The headline,”Dad Shoots Daughter’s Laptop…” seems sensational but it is very true. It is referring to a viral video on YouTube where a gun totting, good old boy with an IT background finds a post by his daughter on Facebook despite her attempts to block her parents. The comments were, well, quite immature, bratty and disrespectful.
Here is how it played out:
- Daughter posts nasty “open letter” to her parents but blocks them
- Dad, an IT guy, gets past block and finds letter
- Dad reads post on camera and proceeds to respond to it
- Dad executes daughter’s laptop, wild west style with his 45mm
- Dad goes so far as to explain what bullets he is using and bills his daughter for them
I can understand how a father would be frustrated in a situation like that. But the headline should really read…
How we as parents imagine handling situations but think better of it!
Kids will be kids. If this girl did not have Facebook, she would have ranted and raved the same way to her friends at a sleep over or at the cafeteria. But venting to friends does not have a “paper trail” that the Internet is so good and keeping.
How many of our kids went off on us without us knowing when they got frustrated about chores or were simply having a bad day; or felt pressured to join the conversation?
But with the Internet comes a whole new level of “digital citizenship” that most of us are not prepared for, both kids and adults.
The daughter aired out her dirty laundry for all to see. Her dad caught her and did the exact same thing but took it too far. This father has obviously written his child off and probably does not care about the ramifications of this video. He posted it with intent. he posted it on her Facebook wall for her and her friends to see.
The dad has also now propelled himself into Internet infamy by doing what he did. His present or future employers may not be fans of his actions (vengeful, violent and more). Will he do the same in the workplace? Will he air out his dirty laundry if he finds runs across a colleagues email venting about the IT guy? It’s all kinds of bad.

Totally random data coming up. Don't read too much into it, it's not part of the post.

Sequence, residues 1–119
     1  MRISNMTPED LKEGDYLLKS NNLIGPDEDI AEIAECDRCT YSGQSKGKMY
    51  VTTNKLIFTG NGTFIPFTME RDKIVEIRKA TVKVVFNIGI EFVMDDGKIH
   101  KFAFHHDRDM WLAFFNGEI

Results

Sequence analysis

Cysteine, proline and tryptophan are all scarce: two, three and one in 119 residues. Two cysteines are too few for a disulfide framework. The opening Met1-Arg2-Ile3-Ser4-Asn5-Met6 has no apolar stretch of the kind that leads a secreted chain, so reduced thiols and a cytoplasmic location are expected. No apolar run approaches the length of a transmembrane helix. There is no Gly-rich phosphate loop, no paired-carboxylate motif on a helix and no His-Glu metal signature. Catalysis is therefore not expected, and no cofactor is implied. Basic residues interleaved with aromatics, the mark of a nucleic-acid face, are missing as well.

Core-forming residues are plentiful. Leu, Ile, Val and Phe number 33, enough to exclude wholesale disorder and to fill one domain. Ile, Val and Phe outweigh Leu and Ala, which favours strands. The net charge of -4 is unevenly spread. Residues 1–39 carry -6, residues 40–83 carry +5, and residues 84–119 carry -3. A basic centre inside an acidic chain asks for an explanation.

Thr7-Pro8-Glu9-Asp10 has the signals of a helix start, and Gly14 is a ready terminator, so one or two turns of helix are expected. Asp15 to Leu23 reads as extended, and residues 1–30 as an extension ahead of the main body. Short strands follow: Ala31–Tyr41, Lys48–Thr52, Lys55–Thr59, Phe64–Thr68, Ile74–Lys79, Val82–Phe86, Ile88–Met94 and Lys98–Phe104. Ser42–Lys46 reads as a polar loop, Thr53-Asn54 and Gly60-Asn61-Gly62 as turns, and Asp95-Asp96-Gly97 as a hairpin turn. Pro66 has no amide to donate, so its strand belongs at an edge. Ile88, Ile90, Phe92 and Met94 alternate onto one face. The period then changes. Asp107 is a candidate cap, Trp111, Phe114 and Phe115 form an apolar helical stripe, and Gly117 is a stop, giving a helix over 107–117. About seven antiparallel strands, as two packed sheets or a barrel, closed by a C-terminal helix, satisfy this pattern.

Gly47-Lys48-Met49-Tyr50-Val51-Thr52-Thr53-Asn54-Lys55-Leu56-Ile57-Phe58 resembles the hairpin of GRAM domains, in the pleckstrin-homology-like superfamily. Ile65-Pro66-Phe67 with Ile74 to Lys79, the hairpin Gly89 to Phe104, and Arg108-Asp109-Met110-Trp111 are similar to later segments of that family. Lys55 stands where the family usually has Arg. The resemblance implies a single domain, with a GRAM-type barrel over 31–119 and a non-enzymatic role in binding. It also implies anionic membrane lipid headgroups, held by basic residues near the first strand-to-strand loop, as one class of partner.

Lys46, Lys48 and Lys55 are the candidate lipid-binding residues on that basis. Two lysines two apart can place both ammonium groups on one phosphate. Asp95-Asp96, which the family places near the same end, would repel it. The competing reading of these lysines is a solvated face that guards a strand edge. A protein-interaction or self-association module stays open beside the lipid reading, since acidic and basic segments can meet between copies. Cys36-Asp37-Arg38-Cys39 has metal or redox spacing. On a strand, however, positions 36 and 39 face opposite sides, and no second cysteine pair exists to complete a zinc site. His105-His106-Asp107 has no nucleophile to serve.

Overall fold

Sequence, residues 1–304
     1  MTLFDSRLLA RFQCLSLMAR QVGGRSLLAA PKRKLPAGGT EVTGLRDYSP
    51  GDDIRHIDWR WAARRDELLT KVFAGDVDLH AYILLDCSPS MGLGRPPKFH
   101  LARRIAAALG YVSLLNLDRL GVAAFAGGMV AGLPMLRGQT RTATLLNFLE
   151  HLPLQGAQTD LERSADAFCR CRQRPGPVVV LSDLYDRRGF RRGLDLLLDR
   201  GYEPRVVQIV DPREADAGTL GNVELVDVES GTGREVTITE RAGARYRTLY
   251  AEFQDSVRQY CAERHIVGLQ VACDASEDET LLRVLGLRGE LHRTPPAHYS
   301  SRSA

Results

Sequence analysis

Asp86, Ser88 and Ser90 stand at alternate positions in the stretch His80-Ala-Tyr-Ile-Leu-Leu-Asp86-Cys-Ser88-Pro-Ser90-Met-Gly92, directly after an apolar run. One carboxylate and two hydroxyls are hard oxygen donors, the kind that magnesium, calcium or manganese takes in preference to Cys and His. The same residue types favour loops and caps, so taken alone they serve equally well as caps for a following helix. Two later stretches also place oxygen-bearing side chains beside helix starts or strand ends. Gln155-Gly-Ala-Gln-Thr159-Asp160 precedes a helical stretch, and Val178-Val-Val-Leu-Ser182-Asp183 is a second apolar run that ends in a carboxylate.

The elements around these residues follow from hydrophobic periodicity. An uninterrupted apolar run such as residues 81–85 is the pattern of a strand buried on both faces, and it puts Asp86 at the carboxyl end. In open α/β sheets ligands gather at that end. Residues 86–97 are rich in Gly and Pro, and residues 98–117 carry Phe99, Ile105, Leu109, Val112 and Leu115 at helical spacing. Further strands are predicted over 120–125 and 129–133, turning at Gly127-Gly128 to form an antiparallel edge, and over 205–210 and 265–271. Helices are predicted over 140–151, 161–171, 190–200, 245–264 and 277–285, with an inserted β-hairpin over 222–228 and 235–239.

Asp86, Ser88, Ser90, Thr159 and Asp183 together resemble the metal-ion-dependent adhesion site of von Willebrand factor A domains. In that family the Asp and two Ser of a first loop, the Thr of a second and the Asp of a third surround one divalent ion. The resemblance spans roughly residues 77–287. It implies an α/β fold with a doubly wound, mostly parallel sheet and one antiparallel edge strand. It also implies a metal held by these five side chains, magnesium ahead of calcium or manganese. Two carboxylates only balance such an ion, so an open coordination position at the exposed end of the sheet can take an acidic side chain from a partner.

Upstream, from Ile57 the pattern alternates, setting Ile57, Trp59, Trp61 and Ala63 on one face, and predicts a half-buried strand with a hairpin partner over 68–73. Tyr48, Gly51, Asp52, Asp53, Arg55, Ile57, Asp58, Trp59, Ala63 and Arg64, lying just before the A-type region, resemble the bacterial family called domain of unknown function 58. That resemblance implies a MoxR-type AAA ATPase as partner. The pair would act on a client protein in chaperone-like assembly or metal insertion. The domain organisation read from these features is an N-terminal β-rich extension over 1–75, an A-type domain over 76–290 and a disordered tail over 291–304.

Sure we think it…”Man I would love to smash her laptop on camera and show her!” But most of us take the high road. And I’m sorry, despite the bratty and spoiled comments of his daughter, she will remain his daughter. She is 15…not 18. It is his responsibility to teach her and guide her and be there for her.
Yes it is very painful to hear those words coming from your own child and worse yet to know that they were “semi-public”. But we as adults need to take the high road. Not to mention he wasted a perfectly good laptop that he invested money in.
Post a well crafted response to his daughter on her Facebook wall, letting her know how disappointed he is in her actions. He can post a link to the ebay page (a private auction) that will allow her to buy back her laptop. The money can then be donated to a charity.
Or, post your comments to your daughter and post a link to the charity that you will donate her laptop to but that she has the chance to raise money for the charity and that if she matches the cost of the laptop in donations, she will get her laptop back.